The U.S. Court of Appeals for the Seventh Circuit vacated the Federal Motor Carrier Safety Administration's (FMCSA) final rule approving use of electronic on board recorders (EOBRs) on trucks operated by certain motor carriers.
EOBRs are devices intended to track the movement and duty status of drivers operating commercial motor vehicles.
The federal appeals court found that the final rule was "arbitrary and capricious" because FMCSA failed to include provisions ensuring that motor carriers do not use these electronic tracking devices to harass drivers.
The rule was challenged by the Owner Operator Independent Drivers Association (OOIDA) of Grain Valley Missouri on behalf of drivers whose privacy interests were threatened by FMCSA's proposed rule.
"The Seventh Circuit's ruling is a great victory for OOIDA and thousands of drivers whose interests were threatened by the EOBR rule," said Paul D. Cullen, Sr. of The Cullen Law Firm, OOIDA's Washington, D.C.-based counsel.
OOIDA challenged the final rule on several grounds, but the court found it necessary only to rule on the harassment issue.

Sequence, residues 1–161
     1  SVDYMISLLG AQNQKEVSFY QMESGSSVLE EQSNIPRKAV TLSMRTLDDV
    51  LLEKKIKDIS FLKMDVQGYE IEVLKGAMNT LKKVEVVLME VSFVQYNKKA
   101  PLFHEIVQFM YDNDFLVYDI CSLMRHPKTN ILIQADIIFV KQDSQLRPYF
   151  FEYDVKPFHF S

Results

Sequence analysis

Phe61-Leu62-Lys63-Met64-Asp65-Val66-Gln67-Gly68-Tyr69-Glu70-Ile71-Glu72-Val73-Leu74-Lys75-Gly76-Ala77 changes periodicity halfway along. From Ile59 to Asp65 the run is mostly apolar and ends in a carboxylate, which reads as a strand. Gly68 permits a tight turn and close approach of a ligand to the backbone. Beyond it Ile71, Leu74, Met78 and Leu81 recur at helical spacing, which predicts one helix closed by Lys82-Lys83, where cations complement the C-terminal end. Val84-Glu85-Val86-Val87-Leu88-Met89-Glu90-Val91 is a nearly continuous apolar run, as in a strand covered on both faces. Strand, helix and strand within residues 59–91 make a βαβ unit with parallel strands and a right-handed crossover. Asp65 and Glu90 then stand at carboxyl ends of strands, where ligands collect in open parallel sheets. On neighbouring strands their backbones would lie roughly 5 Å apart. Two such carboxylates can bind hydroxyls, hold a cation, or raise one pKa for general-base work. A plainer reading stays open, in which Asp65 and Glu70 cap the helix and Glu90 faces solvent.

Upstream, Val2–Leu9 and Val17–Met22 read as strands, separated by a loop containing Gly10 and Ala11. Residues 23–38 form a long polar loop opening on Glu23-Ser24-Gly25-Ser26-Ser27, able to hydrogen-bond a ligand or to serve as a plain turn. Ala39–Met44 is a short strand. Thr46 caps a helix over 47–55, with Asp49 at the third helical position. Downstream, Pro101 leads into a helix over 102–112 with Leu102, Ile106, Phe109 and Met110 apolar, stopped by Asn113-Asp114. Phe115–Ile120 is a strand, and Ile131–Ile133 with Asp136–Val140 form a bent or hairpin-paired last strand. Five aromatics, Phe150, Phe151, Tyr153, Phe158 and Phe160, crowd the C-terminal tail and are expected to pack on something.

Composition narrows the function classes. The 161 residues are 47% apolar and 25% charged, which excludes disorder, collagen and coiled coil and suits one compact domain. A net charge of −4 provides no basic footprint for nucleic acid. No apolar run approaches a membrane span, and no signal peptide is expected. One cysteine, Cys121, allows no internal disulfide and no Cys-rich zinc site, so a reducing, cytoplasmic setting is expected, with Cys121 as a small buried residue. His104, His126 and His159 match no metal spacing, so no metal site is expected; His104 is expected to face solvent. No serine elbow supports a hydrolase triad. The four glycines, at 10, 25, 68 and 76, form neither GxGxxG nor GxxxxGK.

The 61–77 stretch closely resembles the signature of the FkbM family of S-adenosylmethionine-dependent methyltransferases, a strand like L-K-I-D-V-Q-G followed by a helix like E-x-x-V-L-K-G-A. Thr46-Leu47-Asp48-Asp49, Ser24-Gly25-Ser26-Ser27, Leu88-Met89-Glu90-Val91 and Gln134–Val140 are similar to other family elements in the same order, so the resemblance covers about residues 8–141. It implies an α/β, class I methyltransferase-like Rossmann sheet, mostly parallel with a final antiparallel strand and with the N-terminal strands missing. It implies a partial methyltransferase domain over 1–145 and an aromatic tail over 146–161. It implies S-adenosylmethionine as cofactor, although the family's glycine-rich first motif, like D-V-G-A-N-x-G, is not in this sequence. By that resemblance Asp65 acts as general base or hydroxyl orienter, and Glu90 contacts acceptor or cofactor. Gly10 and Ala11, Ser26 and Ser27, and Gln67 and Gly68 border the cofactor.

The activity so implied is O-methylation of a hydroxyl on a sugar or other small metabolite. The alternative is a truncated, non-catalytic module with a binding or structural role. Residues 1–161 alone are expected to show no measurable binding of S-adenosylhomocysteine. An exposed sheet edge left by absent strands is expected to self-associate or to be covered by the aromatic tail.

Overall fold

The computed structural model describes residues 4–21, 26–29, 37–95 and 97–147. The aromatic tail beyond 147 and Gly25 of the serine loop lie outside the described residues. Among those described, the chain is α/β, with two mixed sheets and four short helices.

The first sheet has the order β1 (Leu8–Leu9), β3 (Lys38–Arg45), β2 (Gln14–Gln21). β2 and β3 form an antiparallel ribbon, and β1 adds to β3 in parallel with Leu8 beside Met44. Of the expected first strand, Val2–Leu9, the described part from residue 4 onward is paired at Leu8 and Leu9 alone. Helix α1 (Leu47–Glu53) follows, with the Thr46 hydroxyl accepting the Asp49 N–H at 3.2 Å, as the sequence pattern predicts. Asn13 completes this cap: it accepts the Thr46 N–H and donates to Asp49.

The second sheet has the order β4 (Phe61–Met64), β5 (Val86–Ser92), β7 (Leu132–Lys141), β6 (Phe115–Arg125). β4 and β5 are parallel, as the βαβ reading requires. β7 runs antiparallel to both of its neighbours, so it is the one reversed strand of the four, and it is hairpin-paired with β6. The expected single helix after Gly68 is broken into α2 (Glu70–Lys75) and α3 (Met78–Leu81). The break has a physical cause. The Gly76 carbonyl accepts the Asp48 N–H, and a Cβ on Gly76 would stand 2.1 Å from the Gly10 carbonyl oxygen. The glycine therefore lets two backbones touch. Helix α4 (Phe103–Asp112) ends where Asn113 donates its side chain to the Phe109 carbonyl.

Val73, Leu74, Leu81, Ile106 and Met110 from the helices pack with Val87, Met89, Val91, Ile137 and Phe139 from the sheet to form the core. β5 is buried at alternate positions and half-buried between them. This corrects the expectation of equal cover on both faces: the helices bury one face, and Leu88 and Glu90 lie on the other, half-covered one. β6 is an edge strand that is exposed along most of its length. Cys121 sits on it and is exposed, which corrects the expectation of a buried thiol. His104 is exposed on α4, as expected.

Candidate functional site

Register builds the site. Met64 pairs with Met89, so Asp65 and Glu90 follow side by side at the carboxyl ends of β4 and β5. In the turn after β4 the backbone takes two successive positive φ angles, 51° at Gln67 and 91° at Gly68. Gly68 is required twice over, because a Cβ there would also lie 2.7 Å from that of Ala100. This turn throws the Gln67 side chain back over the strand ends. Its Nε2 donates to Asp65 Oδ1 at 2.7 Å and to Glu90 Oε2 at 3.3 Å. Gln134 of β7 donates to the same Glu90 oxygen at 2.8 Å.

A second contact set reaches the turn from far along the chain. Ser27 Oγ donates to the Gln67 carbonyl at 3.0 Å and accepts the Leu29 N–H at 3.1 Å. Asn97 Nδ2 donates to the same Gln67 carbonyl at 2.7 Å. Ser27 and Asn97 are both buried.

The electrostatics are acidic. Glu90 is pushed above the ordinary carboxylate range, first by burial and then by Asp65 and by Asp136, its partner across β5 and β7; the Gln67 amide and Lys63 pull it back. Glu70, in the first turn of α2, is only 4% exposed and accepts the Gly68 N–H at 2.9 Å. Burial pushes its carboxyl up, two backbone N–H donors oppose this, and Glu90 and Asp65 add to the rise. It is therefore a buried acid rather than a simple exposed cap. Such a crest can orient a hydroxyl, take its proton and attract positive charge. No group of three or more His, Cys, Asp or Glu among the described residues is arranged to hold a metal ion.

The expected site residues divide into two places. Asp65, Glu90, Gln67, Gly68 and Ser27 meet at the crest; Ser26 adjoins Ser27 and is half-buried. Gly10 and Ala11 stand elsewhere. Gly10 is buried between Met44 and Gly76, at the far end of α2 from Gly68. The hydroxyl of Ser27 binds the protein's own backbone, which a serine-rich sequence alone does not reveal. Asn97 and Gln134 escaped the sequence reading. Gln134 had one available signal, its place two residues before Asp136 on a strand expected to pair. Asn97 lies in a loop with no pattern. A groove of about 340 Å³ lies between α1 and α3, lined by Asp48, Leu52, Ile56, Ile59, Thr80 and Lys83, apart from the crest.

"FMCSA must go back to the drawing board when the rule is remanded to it for further proceedings," observed Cullen.
OOIDA also contends that the agency cannot cost-justify the rule.
"EOBRs provide no advantages over paper log books for compliance with hours–of-service regulations," said Cullen.
OOIDA also contends that the mandatory use of EOBRs violates drivers' rights to be free from unreasonable searches and seizures in violation of the Fourth Amendment.
The Seventh Circuit's opinion deals with a final rule that would have applied only to trucking companies with poor hours-of-service compliance records.
FMCSA is also proposing a separate rule that would mandate installation of EOBRs on over 4 million long-haul trucks.
OOIDA also opposes promulgation of the second rule on grounds similar to those raised in the Seventh Circuit case.
"The Seventh Circuit holding will almost certainly force FMCSA to go back to square one before going forward with its proposal to burden all long-haul drivers with EOBRs," Mr. Cullen concluded.